Sixty years after she was diagnosed with type 1 diabetes as a 10
year old, Stafford Heights' Beryl Andriske has received a medal to
mark the occasion.
"Looking back on it, I don't think any of us thought about what
a big deal my diagnosis was for Mum," Beryl said.
"Mum used to have to boil up the syringes for my insulin
injections on a metho primus stove morning and night, every
"She took such great care of me."
Unlike type 2 diabetes, the onset of type 1 cannot be predicted
or slowed through treatment or through diet or exercise. It is an
autoimmune condition which results in the destruction of insulin
producing cells in the pancreas. More than 22,000 Queenslanders
have type 1 diabetes and must inject synthetic insulin several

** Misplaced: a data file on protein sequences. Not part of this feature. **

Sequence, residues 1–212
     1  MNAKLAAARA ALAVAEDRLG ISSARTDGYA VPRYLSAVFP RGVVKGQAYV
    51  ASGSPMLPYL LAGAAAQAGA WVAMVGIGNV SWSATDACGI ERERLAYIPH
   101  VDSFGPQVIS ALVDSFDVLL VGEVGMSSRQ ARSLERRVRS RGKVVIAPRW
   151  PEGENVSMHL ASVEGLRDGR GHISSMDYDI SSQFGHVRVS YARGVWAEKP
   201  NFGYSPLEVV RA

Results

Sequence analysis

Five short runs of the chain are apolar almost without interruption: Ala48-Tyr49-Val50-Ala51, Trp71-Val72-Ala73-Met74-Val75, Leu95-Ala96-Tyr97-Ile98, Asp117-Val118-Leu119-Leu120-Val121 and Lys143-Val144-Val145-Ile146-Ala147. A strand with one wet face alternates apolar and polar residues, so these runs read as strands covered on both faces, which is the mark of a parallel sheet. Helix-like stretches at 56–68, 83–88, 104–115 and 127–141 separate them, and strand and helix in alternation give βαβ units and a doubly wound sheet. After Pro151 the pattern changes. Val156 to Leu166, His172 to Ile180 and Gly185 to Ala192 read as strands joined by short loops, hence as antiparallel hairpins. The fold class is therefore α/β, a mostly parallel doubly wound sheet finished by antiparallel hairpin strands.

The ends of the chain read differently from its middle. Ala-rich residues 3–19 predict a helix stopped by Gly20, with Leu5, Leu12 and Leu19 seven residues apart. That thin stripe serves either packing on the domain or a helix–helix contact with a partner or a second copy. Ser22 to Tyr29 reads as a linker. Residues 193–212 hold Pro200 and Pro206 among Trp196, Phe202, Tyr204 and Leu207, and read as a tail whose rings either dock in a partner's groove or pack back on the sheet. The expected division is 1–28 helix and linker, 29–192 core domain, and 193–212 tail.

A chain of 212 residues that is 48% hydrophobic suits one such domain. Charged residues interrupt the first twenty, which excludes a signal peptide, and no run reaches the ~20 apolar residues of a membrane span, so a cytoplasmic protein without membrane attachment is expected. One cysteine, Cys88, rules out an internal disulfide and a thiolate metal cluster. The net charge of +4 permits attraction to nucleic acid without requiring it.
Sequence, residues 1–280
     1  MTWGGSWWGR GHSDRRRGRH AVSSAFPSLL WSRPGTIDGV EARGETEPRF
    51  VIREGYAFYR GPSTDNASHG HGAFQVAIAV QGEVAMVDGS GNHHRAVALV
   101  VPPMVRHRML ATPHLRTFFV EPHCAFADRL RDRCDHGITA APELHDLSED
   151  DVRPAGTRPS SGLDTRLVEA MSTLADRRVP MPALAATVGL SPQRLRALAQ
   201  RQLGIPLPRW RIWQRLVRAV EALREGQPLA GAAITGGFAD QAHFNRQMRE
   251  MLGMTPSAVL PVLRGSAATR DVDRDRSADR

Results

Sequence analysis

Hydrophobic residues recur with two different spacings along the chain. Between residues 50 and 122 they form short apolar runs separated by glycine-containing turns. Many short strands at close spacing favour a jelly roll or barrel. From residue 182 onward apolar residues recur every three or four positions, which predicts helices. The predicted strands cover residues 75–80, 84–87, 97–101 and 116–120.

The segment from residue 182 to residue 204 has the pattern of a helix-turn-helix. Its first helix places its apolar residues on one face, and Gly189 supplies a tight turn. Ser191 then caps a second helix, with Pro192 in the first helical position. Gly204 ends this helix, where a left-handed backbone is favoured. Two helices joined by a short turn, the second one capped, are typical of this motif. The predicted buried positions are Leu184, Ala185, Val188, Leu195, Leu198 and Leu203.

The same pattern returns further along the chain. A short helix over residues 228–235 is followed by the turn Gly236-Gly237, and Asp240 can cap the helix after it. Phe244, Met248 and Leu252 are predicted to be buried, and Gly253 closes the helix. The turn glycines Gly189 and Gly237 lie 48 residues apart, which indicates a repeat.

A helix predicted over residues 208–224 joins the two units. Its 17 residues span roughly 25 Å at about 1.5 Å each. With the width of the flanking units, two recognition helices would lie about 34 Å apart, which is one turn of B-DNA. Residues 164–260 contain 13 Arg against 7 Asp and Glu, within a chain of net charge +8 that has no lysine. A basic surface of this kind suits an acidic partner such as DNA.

times a day.
The challenge for people injecting insulin is finding the
delicate balance between the danger of a coma caused by
hypoglycaemia (low blood glucose) on one hand and the deadly risk
of diabetic ketoacidosis, caused by hyperglycaemia (high blood
glucose), on the other.
Beryl celebrated her 60th anniversary of living with
diabetes at a gathering of Kellion Victory Medal
recipients, staged on Sunday by Diabetes Queensland to
highlight World Diabetes Day on November 14 at the Kedron-Wavell
Services Club. It was a particularly special presentation for
Diabetes Queensland as Beryl is a much loved long-term volunteer
and supporter of the charity.
The medals were presented by Dr Alan Stocks AM of the Kellion
Beryl, who is a fond and experienced traveller, said the Kellion
presentations help to encourage positivity, perseverance and
responsibility in managing diabetes.
"Diabetes has given me an opportunity to walk the talk on
dealing with a chronic condition to show myself and others what can
be achieved," she said.
"Every day is a chance for new beginnings, and to chase a
Diabetes Day is November 14 2018, a day
to appreciate the role family plays and the many ways
they help us all to maintain good health and